There were lots of people, more than I think I’d ever seen before. I asked what all these people did all day, but again received an unsatisfactory answer. I must have spent that time equally between my father’s shoulders and walking on my own, as my main memories are of thousands of heads and the back of some fat guy’s knees. I poked alike whichever I could reach, demonstrating a laudable early tendency to not discriminate against the horizontally gifted.

    Once in the stands and sat at our seats, under our seats, over our seats, on the seat of the lady in front of our seats and on the stairway kinda-near our seats, the match began. This coincided with me getting a Paddle Pop, so I missed a fair bit of the first half.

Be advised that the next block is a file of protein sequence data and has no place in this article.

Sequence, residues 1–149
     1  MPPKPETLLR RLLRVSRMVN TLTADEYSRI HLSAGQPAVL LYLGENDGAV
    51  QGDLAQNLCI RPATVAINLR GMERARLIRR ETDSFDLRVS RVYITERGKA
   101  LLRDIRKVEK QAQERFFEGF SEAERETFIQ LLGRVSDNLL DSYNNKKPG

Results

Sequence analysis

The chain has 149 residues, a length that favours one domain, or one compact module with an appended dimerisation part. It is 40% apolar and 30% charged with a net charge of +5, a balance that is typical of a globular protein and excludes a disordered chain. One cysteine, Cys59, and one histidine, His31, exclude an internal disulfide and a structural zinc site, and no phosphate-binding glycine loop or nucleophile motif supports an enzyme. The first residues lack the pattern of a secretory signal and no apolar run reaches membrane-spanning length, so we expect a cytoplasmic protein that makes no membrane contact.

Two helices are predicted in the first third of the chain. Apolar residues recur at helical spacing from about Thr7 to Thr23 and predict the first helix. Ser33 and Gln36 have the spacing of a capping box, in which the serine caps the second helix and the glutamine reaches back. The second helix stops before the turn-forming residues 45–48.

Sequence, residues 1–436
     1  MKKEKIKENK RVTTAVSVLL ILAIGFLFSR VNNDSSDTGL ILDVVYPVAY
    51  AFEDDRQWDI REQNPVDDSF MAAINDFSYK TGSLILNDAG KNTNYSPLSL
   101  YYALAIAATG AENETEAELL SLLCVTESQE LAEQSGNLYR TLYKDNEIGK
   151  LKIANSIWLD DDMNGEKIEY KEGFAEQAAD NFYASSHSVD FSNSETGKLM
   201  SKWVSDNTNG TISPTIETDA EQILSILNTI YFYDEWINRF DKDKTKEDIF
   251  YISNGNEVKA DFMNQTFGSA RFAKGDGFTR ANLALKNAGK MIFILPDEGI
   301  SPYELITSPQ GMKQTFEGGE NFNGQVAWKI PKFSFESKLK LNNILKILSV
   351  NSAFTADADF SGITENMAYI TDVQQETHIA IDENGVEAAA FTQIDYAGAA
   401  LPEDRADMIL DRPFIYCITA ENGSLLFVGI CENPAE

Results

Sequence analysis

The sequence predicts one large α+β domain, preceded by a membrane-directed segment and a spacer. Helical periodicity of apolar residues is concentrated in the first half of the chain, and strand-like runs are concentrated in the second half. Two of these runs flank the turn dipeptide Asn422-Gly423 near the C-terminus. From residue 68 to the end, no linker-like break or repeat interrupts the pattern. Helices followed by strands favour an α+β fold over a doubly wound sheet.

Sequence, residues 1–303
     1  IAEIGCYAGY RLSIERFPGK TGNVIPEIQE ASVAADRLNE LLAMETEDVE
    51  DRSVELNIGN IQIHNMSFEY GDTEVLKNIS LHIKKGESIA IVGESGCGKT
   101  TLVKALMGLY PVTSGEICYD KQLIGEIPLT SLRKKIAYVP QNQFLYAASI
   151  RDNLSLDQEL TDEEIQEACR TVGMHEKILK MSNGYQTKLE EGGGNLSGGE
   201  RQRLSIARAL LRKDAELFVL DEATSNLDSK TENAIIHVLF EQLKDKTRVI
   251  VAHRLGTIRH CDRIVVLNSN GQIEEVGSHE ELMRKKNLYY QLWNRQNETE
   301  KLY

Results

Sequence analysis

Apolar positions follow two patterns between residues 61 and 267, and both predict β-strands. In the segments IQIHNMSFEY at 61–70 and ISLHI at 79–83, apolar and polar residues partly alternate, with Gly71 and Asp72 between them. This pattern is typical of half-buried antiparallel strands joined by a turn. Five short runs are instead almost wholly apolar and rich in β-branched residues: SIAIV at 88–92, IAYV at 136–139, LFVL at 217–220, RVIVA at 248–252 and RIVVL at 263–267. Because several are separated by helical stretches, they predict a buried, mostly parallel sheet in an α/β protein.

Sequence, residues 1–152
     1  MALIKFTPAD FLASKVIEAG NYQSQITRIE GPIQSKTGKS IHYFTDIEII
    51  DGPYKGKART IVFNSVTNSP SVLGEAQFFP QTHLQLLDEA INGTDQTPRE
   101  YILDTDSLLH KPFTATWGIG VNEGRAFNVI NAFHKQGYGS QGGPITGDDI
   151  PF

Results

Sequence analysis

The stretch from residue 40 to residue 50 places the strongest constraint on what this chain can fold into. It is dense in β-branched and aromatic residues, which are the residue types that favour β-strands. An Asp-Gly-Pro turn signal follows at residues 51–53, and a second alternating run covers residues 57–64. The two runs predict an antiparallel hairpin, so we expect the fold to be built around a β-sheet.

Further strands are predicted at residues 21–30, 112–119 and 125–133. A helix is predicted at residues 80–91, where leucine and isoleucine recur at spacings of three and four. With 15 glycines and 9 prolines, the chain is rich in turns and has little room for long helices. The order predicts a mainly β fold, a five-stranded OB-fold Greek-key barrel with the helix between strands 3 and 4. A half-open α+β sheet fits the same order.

Actually, if I only had decades-old memories to draw back on then this would really be a short article. Sure, I could make up a few details, perhaps call my folks to see if they could bypass senility to toss me a few memories, maybe even call my uncle to ask about what the hell happened to that free ice-cream winning Paddle Pop stick I so innocently entrusted him with. Fortunately however, even at the age of six I was keeping a detailed journal of my thoughts and experiences. Not voluntarily of course, it was homework: